## Thursday, May 12, 2011

### No One Volunteered to Put an Apple on Their Head

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William is playing archery blindfolded. The first arrow he shoots, unfortunately misses the bulls eye. The second arrow misses the bulls eye by an even wider margin. William shoots his third and final arrow.

How likely is it William's third shot is also worse than his first shot?

1. You're not given the probability he hits it in the first place so you can't make a proper tree diagram. Generally speaking though, I'd say he would get better than his second shot since he would have learned which steps to take to correct his aim. Since you only have 2 options though 'better' or 'worse' or even 'same' if you want to be pedantic you could say the chance would be 1/2 or 1/3 but there's so many other factors involved.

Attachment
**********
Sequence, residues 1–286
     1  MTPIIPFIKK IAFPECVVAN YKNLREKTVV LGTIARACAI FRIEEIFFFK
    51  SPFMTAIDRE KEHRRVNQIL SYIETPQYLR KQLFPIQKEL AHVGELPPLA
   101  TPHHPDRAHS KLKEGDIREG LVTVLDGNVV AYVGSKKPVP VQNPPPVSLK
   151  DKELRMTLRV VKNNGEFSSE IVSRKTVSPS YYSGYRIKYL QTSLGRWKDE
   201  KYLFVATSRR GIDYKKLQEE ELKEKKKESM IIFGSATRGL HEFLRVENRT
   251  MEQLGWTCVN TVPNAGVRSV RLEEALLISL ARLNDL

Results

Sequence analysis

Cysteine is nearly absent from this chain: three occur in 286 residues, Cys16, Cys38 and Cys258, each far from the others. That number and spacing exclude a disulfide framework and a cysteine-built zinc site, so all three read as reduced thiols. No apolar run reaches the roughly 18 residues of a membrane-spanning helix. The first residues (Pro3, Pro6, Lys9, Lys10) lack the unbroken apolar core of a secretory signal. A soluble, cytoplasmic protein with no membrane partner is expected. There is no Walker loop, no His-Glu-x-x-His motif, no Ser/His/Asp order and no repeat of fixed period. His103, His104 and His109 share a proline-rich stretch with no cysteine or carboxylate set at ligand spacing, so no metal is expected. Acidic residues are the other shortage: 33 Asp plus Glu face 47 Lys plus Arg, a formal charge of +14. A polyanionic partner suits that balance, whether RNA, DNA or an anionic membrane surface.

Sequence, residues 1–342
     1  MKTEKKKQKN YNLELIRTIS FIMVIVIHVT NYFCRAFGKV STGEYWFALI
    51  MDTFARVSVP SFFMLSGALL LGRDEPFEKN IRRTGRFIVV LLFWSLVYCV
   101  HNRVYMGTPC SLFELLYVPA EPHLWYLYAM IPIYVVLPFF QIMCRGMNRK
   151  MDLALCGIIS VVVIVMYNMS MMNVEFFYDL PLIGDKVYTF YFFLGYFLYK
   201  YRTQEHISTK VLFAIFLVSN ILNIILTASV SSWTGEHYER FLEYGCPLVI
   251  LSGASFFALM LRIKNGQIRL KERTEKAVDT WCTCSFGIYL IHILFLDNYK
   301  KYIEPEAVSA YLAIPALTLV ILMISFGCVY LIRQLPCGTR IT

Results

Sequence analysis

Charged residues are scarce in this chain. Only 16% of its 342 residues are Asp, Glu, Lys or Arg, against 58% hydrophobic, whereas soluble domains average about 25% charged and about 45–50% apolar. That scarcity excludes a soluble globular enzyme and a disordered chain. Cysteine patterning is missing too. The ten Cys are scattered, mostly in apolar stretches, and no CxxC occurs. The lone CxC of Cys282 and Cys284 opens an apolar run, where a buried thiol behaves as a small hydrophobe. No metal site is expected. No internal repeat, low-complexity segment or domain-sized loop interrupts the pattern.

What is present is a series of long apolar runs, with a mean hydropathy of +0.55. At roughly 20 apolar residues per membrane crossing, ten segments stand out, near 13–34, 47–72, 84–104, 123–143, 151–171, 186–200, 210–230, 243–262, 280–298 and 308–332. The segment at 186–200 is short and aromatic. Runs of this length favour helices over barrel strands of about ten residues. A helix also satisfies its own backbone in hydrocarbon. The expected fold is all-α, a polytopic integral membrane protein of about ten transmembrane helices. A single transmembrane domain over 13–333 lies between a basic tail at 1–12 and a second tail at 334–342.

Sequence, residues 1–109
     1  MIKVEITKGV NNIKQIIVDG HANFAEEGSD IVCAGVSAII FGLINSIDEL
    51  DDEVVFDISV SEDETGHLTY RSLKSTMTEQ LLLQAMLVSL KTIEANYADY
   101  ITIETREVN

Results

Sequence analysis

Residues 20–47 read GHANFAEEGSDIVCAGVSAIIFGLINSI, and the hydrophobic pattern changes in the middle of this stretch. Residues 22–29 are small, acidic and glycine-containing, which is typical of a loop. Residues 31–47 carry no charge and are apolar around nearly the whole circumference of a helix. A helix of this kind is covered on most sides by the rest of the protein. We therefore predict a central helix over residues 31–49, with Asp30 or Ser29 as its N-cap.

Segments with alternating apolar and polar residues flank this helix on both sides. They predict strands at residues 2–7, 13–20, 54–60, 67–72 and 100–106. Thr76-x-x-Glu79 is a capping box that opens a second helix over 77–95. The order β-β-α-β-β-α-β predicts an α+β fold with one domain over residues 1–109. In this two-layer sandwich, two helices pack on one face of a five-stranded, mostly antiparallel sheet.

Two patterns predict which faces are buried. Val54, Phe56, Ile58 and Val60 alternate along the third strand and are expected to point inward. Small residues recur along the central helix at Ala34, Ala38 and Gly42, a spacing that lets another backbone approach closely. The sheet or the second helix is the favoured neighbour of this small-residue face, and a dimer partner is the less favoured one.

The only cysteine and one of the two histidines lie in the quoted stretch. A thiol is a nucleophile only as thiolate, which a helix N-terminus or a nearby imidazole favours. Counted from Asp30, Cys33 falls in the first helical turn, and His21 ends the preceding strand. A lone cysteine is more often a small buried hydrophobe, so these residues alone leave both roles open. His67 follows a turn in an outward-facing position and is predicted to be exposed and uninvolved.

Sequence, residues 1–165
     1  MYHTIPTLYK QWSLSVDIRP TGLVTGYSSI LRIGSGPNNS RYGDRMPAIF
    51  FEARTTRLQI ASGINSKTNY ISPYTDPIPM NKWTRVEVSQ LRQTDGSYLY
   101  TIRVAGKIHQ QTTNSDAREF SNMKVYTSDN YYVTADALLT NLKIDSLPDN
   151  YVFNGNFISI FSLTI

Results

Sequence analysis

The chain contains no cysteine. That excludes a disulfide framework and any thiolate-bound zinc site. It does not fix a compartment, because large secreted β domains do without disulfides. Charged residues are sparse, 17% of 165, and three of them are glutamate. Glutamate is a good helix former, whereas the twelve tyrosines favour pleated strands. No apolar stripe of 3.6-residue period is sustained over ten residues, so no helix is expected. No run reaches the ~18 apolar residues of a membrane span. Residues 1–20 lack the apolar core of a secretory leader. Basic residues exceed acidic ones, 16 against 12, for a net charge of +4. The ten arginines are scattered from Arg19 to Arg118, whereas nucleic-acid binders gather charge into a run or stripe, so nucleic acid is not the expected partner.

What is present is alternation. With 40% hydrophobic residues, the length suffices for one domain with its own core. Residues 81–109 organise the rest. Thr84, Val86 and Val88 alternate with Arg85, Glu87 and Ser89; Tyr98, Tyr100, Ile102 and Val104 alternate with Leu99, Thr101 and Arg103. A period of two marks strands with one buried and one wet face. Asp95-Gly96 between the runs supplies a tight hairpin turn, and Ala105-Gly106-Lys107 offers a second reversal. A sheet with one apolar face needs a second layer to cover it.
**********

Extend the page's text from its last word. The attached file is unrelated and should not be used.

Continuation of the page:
2. Without feedback, William is probably trying to correct his line. In that case, he should be trying to hit either between the two shots or even further out. So my guess is that he is going to be at least as wide off as the first shot.

3. There were some other comments with interesting answers here, but then Blogger went belly-up from Wednesday to Friday, which removed those comments. Sorry about that.

The answer depends on how you interpret the situation, I guess. If William is getting no feedback on his shots, then his third shot is just as likely to be off target as his first, irregardless of how off his second shot was.

If he's getting some sort of feedback (I was implying he wasn't supposed to since he's blindfolded) then as some of you pointed out in the comments that were lost that the probabilities get a lot more complicated, if not impossible, to project.

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